I kept on browsing through the diary, turning the pages of my childhood experiences.
Tuesday. September 11, 2001
"Today I was voted as a head of the class!Can't wait to tell my parents about it on Sunday! They would be so proud of me"
My passion now required a set of new skills. In the middle school I became the head of the class, leadership role that taught me organizational skills, improved my analytical thinking, and developed my soft skills. As a part of SGA, we came up with a program that was aimed at improving students' performance.It was structured around the motivation factor of recognition and social activities. The program was a success and the school performance in general skyrocketed. What was even more fascinating to observe was that students developed more humility and formed stronger bonds within the class. They started helping each other more since they knew that overall success depended not only on individual efforts, but the team results. Our class turned out to be competitive due to the internal leadership program that my mentor and I had came up with. We paired up low performing students with high performers who were to train them once a week in or outside the class.Interestingly, the rate of boys mocking girls decreased because now girls, for the most parts, were their trainers who looked for easier explanations in math, chemistry, and foreign language. Thus, the discipline level went up which took the right and caring leadership to achieve. Month after month, I slowly got to a page that was colored with flowers, fireworks, smiley and happy faces. Looked like it was a big day.
Tuesday. July 29, 2003
"It is the best day ever - my mom came back! She did not let anyone but my grandparents know that she was coming. She wanted to sneak in the house and surprise us, but we saw her walking down the street from the window and jumped out to meet her. My sister and I hugged her very tight and I thought "If I hug her tight enough maybe she wouldn't leave any more?!""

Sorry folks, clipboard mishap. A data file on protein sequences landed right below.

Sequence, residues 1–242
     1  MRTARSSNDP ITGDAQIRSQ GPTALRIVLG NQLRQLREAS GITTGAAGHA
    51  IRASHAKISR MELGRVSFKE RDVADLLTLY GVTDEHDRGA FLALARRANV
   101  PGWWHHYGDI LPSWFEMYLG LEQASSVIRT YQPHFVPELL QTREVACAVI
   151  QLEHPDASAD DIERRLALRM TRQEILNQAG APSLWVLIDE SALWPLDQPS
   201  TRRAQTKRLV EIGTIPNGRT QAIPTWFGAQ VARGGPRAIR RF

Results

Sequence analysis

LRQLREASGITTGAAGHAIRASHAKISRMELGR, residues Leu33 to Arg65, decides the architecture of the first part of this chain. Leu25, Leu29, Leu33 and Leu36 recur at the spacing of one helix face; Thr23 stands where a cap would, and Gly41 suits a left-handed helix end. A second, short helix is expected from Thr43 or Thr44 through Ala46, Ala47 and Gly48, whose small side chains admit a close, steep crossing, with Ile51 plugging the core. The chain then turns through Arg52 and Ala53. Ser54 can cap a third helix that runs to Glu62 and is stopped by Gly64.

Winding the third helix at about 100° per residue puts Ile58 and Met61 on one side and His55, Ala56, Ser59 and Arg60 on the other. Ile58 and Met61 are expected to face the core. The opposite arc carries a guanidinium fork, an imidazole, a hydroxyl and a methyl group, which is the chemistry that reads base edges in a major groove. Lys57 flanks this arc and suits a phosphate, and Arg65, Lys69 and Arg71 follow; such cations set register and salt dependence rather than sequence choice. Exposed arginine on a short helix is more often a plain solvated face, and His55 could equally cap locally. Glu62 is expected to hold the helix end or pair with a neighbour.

However, the cultural differences she experienced turned out to be stronger than my hug. Born and raised in Soviet Union, Italy gave her a gulf of fresh air and freedom - go anywhere, do whatever she thought was right, make decisions based of personal preferences, and express her opinion without being afraid to be punished or judged for it. I could understand it only when I get to visit my parents in Italy. At first, I was baffled by the cultural norms - while my grandmother taught me to close the door to our house for neighbors or my friends, the doors of Italians were opened for myself who was practically a stranger to them. That was when I learnt - there are no bad or good cultures; there are DIFFERENT cultures. Once that realization settled down in my mind, I was able to quicker to adapt to cultural diversity anywhere I went. There were so many more ideas and opportunities I was looking to try out and explore in college. However, higher education turned out to be disappointing to say the least. The teaching methods and leadership mentality seemed to be affected by soviet past - trying out anything new was risky. I felt like my childhood ambitions were suppressed by close-minded and insecure teaching practices. On the top of that, the crisis of 2008 gradually put my parents out of job, and by 2012 my family no longer had any savings that would pay for college. Even though I knew I had to interrupt my education and join the workforce full-time, I took it as an opportunity to save money to go to college in the USA. I was convinced that the landscape in Ukraine could change only if there was a strong leadership that would take the country to a new level, and the way to achieve that for me was to learn from successful educational practices that could then be implemented in Ukraine. Now, when the country is connecting to the West more than ever before, such a contribution could be life changing for the whole nation. I walked with a purpose, and I, as Dr.Beatrice Berry states "collided with destiny" in 2016 by becoming a student in the College of the Albemarle in a small community of the Outer Banks. The islander mentality of the community taught me to innovate and make a social change myself instead of relying solely on the government or a major decision on the upper level. In college I was taught that failing is a part of the studying process, and in fact can be one of the most effective ways of learning. I was thriving in this environment both as a student and as a leader. I undertook the Ambassador position to be a constant support for current and new students. President's role in the International Club let me touch upon issues of international students' integration into the new culture and implement innovative ideas as for the American students to recognize, respect, and support the cultural diversity on campus and in the community. My public speaking skills allowed to gather and ignite people around me to be better leaders who benefit the community. I learnt that developing humility, and applying creative thinking along with innovation could drive the social change.